Make post-secondary education affordable for all

Students and their families are bearing an ever-larger burden of the costs of higher education. Years of tuition growth to offset stagnant public funding has resulted in a significant amount, an average of $28,000, of student debt carried by 1 out of 2 graduates.

Coupled with growing inequality and stagnant wages, fewer Canadians have affordable access to education and training. A college or university education allows for increased opportunities for young people, including to do better financially and break out of the poverty cycle. But as they grapple with the rising costs of living and high youth unemployment, post-secondary education is moving out of reach. The escalating cost of tuition is disproportionately affecting students from low-income families, racialized, Black, and Indigenous students, and students living with disabilities.

While one out of two Canadians has attended a post-secondary institution, nearly all Canadians (93%) said they would have pursued post-secondary education if they had not needed to pay tuition. There is broad appreciation for the value of a university or college education, but affordability remains a barrier.

  • “Since the last recession in 2008, provincial government spending in the sector has decreased by one per cent in real terms. Meanwhile, student enrolment has grown by more than 20 per cent over the same time and income from tuition by nearly 70 per cent. Relying on student fees to solve the funding crisis simply isn’t sustainable.”[1] – Brenda Austin-Smith, CAUT President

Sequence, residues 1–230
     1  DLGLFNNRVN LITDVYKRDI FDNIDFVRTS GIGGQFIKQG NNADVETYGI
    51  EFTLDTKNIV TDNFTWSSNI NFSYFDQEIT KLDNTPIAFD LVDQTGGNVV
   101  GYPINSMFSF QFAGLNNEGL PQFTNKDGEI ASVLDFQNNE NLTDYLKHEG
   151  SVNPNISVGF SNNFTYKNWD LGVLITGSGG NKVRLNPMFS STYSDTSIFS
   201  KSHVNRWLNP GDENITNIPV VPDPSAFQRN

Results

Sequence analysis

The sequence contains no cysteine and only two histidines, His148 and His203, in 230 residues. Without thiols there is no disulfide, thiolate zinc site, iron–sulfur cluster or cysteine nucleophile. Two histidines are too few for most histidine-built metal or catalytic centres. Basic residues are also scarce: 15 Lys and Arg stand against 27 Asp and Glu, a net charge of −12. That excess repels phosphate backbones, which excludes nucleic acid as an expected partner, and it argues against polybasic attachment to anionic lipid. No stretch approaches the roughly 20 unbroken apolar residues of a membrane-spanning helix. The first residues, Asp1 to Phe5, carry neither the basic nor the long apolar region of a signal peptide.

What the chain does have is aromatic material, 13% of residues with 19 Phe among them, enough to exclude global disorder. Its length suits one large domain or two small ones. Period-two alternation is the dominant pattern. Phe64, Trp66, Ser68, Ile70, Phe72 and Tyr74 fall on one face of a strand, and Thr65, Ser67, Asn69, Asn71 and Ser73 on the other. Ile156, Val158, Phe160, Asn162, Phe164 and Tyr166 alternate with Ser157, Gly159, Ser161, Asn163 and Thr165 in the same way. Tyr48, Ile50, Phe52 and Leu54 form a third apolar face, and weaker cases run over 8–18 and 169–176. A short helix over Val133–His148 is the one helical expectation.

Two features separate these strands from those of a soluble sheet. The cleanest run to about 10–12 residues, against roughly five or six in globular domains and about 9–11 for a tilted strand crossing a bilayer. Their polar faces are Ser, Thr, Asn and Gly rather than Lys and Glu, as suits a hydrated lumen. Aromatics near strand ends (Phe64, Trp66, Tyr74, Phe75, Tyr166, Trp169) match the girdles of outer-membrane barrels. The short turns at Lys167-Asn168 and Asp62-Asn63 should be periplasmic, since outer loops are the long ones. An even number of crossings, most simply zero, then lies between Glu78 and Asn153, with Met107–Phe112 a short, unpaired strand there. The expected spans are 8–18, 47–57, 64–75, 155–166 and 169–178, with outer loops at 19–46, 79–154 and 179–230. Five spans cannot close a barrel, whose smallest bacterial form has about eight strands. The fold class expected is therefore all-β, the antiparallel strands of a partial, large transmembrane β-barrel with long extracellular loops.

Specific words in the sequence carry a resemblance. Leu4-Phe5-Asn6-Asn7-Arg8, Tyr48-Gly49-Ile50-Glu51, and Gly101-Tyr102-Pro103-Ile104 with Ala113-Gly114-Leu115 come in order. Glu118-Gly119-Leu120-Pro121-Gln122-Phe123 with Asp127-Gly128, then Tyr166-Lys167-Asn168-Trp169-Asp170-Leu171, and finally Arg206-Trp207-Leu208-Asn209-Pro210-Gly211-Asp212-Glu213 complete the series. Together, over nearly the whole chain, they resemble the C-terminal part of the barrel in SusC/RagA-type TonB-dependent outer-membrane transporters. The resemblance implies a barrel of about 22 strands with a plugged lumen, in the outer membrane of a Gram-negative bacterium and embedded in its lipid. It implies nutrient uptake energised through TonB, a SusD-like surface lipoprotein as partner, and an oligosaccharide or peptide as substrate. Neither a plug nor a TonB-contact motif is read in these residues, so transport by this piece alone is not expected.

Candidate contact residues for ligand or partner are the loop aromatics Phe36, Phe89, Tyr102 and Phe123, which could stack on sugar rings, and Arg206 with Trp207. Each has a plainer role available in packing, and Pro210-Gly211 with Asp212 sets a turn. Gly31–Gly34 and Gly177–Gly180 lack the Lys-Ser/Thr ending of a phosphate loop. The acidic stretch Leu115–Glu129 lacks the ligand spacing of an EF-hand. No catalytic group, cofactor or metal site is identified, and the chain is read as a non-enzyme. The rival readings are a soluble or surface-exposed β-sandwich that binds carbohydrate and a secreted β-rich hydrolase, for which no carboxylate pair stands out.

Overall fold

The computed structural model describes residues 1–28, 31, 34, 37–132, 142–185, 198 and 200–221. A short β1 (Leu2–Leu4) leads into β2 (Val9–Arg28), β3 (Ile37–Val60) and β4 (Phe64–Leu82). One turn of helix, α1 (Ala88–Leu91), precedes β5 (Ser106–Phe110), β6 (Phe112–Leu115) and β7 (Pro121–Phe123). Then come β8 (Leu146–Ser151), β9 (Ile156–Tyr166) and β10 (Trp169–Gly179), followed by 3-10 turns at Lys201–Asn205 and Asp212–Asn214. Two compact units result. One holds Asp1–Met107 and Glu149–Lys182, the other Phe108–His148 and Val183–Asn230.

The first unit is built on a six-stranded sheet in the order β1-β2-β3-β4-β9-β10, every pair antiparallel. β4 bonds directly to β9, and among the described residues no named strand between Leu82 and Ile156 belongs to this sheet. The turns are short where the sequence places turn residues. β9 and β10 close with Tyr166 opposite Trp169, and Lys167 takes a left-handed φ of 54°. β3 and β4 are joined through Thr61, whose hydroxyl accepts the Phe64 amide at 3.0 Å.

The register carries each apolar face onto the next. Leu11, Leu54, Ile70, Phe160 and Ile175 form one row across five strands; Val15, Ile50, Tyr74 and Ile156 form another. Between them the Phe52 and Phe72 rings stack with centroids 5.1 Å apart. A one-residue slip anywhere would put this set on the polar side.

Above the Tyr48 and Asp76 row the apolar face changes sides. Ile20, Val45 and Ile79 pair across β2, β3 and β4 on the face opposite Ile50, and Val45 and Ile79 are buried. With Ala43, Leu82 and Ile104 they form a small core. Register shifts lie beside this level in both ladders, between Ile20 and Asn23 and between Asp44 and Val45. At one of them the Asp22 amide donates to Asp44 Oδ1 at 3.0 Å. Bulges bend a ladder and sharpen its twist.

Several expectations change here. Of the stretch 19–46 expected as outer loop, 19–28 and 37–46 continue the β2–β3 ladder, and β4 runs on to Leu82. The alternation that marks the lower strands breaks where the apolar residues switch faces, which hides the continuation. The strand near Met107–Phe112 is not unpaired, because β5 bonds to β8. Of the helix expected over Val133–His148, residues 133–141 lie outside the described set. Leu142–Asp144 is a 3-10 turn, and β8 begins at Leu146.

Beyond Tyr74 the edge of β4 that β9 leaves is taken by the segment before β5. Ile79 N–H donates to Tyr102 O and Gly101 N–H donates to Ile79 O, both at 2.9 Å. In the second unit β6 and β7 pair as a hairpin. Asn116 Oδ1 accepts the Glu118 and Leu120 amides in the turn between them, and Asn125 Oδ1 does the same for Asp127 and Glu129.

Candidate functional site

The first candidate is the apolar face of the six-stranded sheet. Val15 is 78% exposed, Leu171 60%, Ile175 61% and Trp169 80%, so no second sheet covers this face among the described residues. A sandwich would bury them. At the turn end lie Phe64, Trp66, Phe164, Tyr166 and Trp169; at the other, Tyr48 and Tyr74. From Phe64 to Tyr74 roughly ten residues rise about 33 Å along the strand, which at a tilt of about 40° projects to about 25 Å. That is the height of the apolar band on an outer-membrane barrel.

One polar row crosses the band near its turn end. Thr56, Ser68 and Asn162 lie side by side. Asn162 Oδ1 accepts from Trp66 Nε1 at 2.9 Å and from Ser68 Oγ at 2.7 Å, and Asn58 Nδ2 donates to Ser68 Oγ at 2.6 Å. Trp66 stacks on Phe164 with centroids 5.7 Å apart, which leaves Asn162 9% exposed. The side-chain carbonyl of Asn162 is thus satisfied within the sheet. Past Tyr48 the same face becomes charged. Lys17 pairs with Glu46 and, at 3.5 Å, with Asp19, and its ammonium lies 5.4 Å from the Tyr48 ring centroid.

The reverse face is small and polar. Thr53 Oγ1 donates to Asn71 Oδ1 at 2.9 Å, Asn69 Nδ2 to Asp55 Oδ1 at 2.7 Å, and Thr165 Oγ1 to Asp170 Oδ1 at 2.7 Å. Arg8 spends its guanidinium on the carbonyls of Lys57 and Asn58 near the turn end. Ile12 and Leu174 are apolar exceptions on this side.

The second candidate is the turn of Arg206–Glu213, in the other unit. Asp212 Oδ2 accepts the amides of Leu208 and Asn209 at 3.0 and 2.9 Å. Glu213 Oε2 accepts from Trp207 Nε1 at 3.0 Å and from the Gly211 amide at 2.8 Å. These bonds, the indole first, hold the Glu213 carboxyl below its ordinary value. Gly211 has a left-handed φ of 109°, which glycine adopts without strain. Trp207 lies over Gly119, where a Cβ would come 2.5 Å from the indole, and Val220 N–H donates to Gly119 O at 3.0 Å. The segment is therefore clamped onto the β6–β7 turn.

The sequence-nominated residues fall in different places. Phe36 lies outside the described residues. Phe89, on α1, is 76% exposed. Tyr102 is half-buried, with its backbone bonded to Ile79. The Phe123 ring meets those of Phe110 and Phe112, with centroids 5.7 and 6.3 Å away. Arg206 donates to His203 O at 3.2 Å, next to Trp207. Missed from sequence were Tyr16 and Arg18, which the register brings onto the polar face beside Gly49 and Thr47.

• “Students from coast to coast to coast reject imposed austerity measures to offset government debt by defunding education. We call on our elected officials to honour commitments to provide a high-quality, affordable, and accessible education to all learners” – Canadian Federation of Students (CFS)[2]
    • Newfoundland and Labrador: eliminated tuition freeze and doubled tuition for Canadian students (with current students paying a 4% increase in tuition per year until 2026)
    • Manitoba: scrapped tuition freeze allowing for fees to increase every year, resulting in students facing another 3.75% increase in tuition at the University of Manitoba
    • New Brunswick: access to PSE was diminished when the free tuition and tuition relief for middle class programs were cancelled.
  • Provincial governments have experimented in tuition rebate programs that target students most in need. In Ontario, some 40% of full-time post-secondary students benefitted from the free tuition program when it was in place. The Ontario Student Grant program transformed $500 million of loans into grants in 2017-18 to ensure that students from low-income families would have no student debt upon graduation and at least 50% of students from middle-income families would have their college or university tuition covered.
  • Almost 8 in 10 Canadians agree that students must borrow too much to pay for their education and that cost should never prevent anyone from pursuing an education.[3]
  • 54% of university graduates owed debt at graduation, and 45% owed more than $25,000.[4]
  • Over the last decade, universities have increasingly relied on tuition fees as a revenue source. At the national level, the proportion of revenue from tuition fees grew from 24.7% in 2013-14 to 29.4% in 2018-2019.[5]


  • Include affordability measures as part of a national strategy for post-secondary education that will reduce tuition costs, while maintaining operating funding for institutions.